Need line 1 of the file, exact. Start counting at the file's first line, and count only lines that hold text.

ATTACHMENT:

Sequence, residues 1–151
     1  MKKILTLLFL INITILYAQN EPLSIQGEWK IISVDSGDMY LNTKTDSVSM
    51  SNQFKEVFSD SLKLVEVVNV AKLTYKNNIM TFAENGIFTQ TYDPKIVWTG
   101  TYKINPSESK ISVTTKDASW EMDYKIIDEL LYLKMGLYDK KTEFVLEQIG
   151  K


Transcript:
Sequence, residues 1–151